To help students with physical disabilities navigate a maze of barriers, NYC releases new reports on high school accessibility
November 15, 2017
When Michelle Noris helped her son apply to public high schools, she knew the city’s directory would not be much use.
Since her son, Abraham, uses a wheelchair and the city’s official list of over 400 high schools contains little information about physical infrastructure, Noris knew she’d have to make phone calls and set up visits to find out whether cafeterias, auditoriums, and even front entrances could accommodate a wheelchair.
“I spent hours and hours on that,” said Noris, a former member of the Citywide Council on Special Education. “It felt like I shouldn’t have to do this.”
Now, after lobbying from Noris and other advocates, the city is starting to release more detailed information about how accommodating its high schools are for students with disabilities — an effort to reduce the burden on those students and their families to figure it out for themselves.
New online profiles indicate whether school bathrooms, gymnasiums, classrooms, libraries, hallways and other spaces are completely accessible on each floor, and if not, what barriers might be present.
They are meant to correct a major challenge for families seeking accessibility information about New York City’s high schools: 62 percent are deemed “partially accessible,” an ambiguous term that is supposed to mean students with disabilities can access “relevant programs,” but in practice gives little sense of the scope of accessibility issues. Just 13 percent of high school buildings are fully accessible, according to 2016 data.
A partially accessible school might have a ramp, but it’s connected to a service entrance designed to transport garbage rather than wheelchairs. A school could have an accessible bathroom, but it’s on the second floor. An auditorium might accommodate a wheelchair, but provide no access to the stage.
In recent months, the education department has posted on its website new “Building Accessibility Profiles” that offer such granular, crucial details — based on a 58-question survey conducted by department employees.
One Upper Manhattan school building, which houses New Design Middle School and two KIPP charter schools, earned one of the highest possible accessibility ratings. But its profile notes that the bathrooms might not be maneuverable; some stalls are missing grab bars; there is no braille signage throughout the building; and some of its hallway doors may be too heavy for students with limited upper body strength. (The reports do not differentiate between schools that share buildings, a concern among some advocates because students at each school may have different accessibility needs.)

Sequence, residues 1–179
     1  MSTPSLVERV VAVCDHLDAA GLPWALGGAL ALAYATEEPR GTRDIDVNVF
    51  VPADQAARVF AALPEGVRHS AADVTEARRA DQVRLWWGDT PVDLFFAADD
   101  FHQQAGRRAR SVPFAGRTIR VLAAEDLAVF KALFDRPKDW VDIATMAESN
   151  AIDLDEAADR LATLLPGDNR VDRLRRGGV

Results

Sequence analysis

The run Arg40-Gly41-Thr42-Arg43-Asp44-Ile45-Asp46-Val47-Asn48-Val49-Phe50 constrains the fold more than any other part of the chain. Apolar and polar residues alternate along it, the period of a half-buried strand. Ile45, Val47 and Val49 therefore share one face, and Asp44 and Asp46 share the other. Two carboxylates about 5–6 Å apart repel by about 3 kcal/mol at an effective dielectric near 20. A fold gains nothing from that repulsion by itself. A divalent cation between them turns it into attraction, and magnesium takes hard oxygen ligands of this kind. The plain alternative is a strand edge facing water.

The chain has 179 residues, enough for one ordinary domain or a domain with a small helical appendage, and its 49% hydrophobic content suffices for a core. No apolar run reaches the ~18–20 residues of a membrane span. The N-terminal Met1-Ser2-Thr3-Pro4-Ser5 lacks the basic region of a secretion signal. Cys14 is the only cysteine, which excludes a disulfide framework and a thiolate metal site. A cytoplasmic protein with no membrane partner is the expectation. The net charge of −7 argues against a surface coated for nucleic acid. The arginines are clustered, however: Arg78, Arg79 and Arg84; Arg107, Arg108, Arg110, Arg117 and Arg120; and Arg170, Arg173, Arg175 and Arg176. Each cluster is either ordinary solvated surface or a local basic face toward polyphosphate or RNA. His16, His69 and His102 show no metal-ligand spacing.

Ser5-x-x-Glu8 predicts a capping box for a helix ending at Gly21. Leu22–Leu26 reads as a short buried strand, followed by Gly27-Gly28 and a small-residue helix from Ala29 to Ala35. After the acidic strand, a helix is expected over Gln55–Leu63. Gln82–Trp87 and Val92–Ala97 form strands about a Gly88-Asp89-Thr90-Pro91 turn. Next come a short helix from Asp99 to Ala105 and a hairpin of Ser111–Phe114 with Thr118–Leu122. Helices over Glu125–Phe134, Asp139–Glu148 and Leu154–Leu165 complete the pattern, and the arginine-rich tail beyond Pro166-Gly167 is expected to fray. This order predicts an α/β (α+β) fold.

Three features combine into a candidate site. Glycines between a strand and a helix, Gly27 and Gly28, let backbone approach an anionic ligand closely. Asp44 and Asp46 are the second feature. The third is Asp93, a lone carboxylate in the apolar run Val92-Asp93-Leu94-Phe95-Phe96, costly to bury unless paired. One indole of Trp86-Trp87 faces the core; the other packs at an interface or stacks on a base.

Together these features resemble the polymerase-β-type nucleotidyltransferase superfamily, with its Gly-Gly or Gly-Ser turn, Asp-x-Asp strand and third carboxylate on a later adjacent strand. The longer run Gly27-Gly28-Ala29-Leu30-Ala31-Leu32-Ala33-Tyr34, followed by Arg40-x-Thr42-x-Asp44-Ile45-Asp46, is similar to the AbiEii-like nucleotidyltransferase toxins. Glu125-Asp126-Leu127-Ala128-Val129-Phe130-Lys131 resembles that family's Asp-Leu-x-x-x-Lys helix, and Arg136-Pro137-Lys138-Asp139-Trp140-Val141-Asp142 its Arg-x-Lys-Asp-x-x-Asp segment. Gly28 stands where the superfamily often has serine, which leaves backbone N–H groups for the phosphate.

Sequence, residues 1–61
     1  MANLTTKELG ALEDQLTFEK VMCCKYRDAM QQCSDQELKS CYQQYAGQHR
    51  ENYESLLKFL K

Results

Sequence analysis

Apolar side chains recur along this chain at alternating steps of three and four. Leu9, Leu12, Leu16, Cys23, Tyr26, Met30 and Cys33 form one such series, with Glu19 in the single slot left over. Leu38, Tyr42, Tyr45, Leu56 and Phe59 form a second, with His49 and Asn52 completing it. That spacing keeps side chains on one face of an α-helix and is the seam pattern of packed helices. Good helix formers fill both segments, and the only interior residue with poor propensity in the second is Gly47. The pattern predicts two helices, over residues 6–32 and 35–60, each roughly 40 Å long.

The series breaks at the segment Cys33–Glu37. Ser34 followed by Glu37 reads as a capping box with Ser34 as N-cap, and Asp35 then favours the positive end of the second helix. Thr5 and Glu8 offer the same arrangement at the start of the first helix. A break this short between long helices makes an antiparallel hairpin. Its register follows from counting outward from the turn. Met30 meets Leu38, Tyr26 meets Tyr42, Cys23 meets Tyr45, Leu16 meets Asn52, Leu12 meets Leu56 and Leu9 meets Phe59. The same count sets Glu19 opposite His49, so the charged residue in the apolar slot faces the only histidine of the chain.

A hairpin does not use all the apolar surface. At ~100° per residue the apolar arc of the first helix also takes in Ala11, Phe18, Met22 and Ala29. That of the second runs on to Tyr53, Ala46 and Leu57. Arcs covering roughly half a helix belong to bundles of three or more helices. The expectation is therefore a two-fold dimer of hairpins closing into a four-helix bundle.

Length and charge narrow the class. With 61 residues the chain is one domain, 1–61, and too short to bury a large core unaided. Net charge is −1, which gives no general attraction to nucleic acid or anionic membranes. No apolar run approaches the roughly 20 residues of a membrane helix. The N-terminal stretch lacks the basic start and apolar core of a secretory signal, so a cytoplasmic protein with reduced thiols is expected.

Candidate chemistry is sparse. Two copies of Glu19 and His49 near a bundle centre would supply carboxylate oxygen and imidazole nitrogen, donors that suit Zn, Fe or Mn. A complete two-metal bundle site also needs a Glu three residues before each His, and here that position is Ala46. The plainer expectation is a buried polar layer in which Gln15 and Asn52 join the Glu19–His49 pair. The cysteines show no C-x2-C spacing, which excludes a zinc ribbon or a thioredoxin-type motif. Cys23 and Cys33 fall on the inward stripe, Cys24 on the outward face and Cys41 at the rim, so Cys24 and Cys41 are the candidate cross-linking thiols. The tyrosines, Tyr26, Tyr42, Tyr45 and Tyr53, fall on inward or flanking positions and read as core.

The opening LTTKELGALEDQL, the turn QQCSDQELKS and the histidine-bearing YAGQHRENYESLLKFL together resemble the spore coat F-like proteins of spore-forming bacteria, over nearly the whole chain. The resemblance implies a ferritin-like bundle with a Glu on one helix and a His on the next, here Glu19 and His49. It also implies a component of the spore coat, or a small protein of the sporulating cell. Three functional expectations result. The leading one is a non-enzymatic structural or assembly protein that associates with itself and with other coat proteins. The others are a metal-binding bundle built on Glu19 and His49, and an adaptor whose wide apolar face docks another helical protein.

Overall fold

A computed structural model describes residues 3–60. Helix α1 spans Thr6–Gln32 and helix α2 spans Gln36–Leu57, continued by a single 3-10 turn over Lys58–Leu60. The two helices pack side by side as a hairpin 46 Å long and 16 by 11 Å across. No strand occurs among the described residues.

For now, the profiles only exist for high school buildings in Manhattan, Staten Island and the Bronx, putting the city behind on its original schedule to have every high school profile available in time for this year’s application season. City officials said they plan to complete profiles for all partially accessible high schools by January, but could not offer a timeline for middle or elementary schools. (The decision to release more high school accessibility data comes almost two years after a scathing U.S. Department of Justice investigation revealed “inexcusable” accessibility problems in elementary schools.)
Experts largely praised the city for beginning to make the high school choice process less onerous for students with disabilities by offering them more information about physical accessibility.
But some also pointed out that the information is difficult to find. The city’s official high school directory only says whether schools are “accessible” or “not accessible,” a potentially misleading indicator given that most schools fall somewhere in between. And the city’s “School Finder” site, essentially a digital version of the directory, does not link to the new accessibility data, though a spokesman said that information will be included in future updates.
“This is all really, really valuable information,” said Maggie Moroff, a special education policy expert at Advocates for Children. “But if families don’t have a way of getting to it easily, it doesn’t do them a whole lot of good.”
The easiest way to get to the information is on the city’s Office of Space Planning website, which lists each school’s accessibility profile.
Still, there are significant upsides to the new data — and not just for parents.
More detailed information about building infrastructure could help the city better-allocate capital funding to schools that might only need modest improvements to become significantly more accessible, Moroff said. The city’s current five-year capital plan includes $100 million for such improvements.
“We work diligently with families and school communities to ensure every student has a seat at a school that meets their accessibility needs,” said education department spokesman Michael Aciman.
While Noris, the parent and disability advocate, said she would have loved the additional information when she was searching for a high school for her son, she’s glad her advocacy paid off. She used to carry around mock surveys to show city officials what kinds of information would have helped her, and even used the surveys to rate a few schools, partly to show that useful information about buildings could be extracted in under an hour.
So when Noris saw the data appear on the city’s website, she couldn’t help but feel like she played a role.
“My first reaction was, ‘Oh, they listened to me,’” she said. “I was very pleased.”